2.) DJ Chark, LSU. Round 2-3. Fastest WR in the draft. Not just sprinters speed, but football speed, too. Tracks down the deep ball. Elusive in the open field. Solid Punt Returner. Tracks down the bomb. Wins jump balls.

3.) Anthony Miller, Memphis. Round 2-3. He reminds me of Greg Jennings. Catches the slant. Plants and goes. High points the ball. A fighter after the catch. Can also return punts.

4.) Dante Pettis, Washington. Round 2-3. Standout punt returner. Solid route runner. If TT was still the GM, I'd think he'd be a Round 3 lock for the Packers. He's really strong in jump ball situations. Shines on busted plays. Aaron Rodgers would fall in love with him.

5.) James Washington, Oklahoma State. Round 2-3. A TD machine. Gets deep down the field. Plays fast. Times fast. Dude can run. Undersized and limited route capacity, so a little bit of a project, but his production is difficult to ignore. He's a natural.

6.) Marcell Ateman, Oklahoma State. Bold, big bodied WR. Wins jump ball. Clutch. Quicker than fast. Lacks long line speed, but wins jump balls with his menacing presence. Great body control. Although he lacks deep speed, he's a deep threat due to his figure. Limited route tree.

6.) Michael Gallup, Colorado State. Round 3-4. Might be best in the slot. Dangerous after the catch. Slips through tackles. Solid stiff arm. Dangerous after the catch. Excellent athlete.

7.) Equanimeous St. Brown, Notre Dame. Round 3-4. Long strider. Likely a perimeter WR. Runs a solid comeback and crossing route. Thin frame causes concern, but he uses he plays stronger than he looks. Has the type of burst that you can't teach.

8.) Daesean Hamilton, Penn State. Round 3-4. He's a football player. He won't have the build that stands out, but put him one-on-one against a defender and he wins. He has traits that you can't measure. He's football smart. He's dynamite getting in and out of his breaks. Well coached.

9.) Tre'Quan Smith, UCF. Round 3-4. Smooth. Looks the part. Flashy with the ball in his hands. Gets in and out of his breaks. Takes off with excitement. Powers through tacklers. Awesome energy.

10.) J'Mon Moore, Missouri. Round 4-5. Gets over the top of the defense. Solid yards after catch, too. More powerful than fast. Runs a great slant and uses his frame to shield defenders. Does have issues with drops, but it looks like a concentration issue that can be fixed. Excellent on the deep ball. Rodgers would love Moore as a target down the field.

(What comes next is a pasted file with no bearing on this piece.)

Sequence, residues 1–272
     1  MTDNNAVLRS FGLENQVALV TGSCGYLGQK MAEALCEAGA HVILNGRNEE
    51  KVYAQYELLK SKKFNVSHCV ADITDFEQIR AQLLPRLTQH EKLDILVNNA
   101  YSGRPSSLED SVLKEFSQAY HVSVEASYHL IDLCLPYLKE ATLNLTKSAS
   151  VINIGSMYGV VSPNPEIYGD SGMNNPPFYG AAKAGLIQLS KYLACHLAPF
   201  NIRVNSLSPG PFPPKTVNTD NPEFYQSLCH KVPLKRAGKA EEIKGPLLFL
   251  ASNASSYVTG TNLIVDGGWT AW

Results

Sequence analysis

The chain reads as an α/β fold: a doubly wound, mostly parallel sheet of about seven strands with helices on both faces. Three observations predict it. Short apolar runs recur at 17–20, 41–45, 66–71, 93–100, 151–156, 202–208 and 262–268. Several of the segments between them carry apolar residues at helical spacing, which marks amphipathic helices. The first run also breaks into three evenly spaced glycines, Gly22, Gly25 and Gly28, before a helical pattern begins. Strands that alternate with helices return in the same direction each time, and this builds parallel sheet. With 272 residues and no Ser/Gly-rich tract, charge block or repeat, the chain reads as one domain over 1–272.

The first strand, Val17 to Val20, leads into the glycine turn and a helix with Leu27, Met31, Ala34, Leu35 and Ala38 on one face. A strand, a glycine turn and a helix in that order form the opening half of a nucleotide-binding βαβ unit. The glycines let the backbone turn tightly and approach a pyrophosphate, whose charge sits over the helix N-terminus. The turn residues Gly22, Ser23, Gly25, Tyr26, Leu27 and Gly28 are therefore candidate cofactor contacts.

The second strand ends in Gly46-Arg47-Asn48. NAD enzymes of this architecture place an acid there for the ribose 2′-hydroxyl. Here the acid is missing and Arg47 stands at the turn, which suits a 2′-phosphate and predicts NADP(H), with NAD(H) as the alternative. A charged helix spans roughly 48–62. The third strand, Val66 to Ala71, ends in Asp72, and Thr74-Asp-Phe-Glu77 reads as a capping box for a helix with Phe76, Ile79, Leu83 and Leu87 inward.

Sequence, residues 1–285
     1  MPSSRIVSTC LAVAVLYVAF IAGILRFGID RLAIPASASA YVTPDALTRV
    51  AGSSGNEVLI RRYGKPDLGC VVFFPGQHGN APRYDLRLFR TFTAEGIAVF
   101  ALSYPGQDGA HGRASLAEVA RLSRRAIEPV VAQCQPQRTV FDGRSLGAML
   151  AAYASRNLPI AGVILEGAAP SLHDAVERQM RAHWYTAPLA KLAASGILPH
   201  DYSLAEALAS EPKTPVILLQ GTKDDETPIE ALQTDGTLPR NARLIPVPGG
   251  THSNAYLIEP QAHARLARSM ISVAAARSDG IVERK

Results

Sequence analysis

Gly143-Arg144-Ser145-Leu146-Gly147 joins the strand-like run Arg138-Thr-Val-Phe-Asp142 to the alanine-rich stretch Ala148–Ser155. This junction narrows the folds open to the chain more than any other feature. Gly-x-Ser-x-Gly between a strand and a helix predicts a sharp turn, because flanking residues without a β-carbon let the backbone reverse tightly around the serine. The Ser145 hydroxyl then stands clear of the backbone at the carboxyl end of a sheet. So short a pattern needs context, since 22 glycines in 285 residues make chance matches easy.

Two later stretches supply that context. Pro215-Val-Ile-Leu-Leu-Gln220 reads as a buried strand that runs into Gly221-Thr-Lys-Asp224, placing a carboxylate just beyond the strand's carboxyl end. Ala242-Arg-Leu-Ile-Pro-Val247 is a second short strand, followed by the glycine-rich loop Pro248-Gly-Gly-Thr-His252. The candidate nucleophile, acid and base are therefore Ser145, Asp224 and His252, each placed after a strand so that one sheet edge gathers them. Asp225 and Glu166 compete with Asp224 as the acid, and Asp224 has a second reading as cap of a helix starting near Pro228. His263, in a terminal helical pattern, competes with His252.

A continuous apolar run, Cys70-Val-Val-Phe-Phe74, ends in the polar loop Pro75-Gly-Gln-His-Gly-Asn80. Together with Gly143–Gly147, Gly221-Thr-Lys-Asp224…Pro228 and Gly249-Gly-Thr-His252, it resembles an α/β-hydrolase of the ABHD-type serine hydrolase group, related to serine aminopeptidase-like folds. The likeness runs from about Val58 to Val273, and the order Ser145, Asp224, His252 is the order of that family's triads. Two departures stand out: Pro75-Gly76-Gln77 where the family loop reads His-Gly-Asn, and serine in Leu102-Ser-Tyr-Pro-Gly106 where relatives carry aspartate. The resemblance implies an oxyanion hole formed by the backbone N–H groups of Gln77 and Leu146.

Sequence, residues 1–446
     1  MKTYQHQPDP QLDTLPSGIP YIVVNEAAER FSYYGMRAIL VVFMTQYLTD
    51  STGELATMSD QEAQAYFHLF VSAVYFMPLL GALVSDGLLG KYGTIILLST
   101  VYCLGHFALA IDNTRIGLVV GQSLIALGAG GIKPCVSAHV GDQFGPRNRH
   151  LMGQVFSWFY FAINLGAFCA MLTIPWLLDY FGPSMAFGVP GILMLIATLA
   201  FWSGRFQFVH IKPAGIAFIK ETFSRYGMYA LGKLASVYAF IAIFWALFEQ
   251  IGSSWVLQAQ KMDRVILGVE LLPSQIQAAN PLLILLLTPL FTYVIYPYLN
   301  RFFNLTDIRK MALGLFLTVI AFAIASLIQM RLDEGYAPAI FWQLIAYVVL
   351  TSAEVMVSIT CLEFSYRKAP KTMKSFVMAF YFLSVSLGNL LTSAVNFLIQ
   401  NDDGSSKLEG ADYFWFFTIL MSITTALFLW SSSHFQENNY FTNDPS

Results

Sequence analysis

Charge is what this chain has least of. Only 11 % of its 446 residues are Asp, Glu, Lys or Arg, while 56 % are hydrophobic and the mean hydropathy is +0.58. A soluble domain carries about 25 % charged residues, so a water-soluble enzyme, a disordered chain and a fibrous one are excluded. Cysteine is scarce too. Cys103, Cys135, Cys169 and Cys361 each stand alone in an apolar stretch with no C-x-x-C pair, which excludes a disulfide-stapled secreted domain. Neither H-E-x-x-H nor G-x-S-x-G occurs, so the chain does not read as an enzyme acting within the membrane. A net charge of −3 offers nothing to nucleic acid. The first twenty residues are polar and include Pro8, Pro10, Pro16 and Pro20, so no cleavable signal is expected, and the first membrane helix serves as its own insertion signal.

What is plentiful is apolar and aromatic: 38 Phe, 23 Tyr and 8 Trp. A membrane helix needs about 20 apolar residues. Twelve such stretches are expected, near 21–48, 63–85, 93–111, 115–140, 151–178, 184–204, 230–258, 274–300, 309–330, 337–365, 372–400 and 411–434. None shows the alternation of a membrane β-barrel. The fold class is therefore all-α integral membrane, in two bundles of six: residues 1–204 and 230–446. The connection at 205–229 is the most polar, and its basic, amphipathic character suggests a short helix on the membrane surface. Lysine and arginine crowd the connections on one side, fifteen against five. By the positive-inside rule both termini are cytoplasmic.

11.) Antonio Callaway, Florida. Round 4-5. Lethal slot weapon. Dynamic. When he has the ball, he’s electric. Lethal punt returner. Quick out of his breaks. When he has the ball, he’s looking for the End Zone. But, he has character concerns and those issues will drop him on draft boards.

12.) Allen Lazard, Iowa State. Round 5-6. Intimidating presence. He's massive. Looks like a small forward in basketball. Has inconsistent hands, but he's clutch under pressure. Great third down target. Moments of high production when it mattered most. Wants the ball.

13.) Jaleel Scott, New Mexico State. Round 5-6. If he’d have played against better competition, we’d be talking about him as a possible Day 2 selection. Speed is his concern. But, he has the size and the hands that teams crave. Uses his body well, too. He’ll win 50-50 balls. Very good hands. Often gets open on broken down plays. Looks to be football smart.

14.) Daurice Fountain, Northern Iowa. Round 5-6. Caught my eye in the East-West Shrine Game. Looks like he has the athleticism and the know-how to create separation. Has football speed and fantastic leaping ability. Should be able to find yards after the catch, too. Nice mid-round prospect.

15.) Cedric Wilson, Boise State. Round 5-6. Doesn’t do anything exceptionally well, but he’s really steady. A week-in and week-out performer. Consistent. Has good size. Can play in the slot and on the perimeter. Not a burner though. Did show signs of being able to get deep and getting separation even without top-end speed.

16.) Justin Watson, Penn. Round 6-7. Has all of the physical attributes of a star WR. Muscular. Fast. Has the burst to separate from the CB. He's long. Catches with his hands. Has soft hands. Gets in and out of his breaks, but he's still raw. High potential performer.

17.) Simmie Cobbs, Indiana. Round 6-7. I wish Cobbs had run faster. If so, he was an ideal Round 2-3 selection for the Packers. Seems to have natural receiving skills. Big bodied. Throw it up to him and he’ll make the play. Many back-shoulder catches had me excited for a possible Packers connection. But, speed is a concern and he looks like he’s strictly a perimeter receiver.

18.) Braxton Berrios, []_[]. Round 7-UDFA. Dangerous slot WR, who is also possesses punt return skills. Tough minded player. Reminds me of Wayne Chrebet or Brandon Stokely. Plays big though he's only 5-8. Takes and delivers punishment. Huge heart.

19.) Keith Kirkwood, Temple. Round 7-UDFA. Big target. Deep threat. Present himself well to the QB. Gets behind the secondary. Catches with his hands. Rounds his routes too much. Not afraid to absorb contact to catch a pass.

20.) Byron Pringle, Kansas State. Round 7-UDFA. Intriguing late round prospect. Sketchy personal life, but a dynamite player on the field. Legitimate deep threat. Intimidating physique. Significantly above average speed. Imposing presence. Great in the return game. Dominant after the catch. Take away the legal issues and he’s a Round 1-2 Target.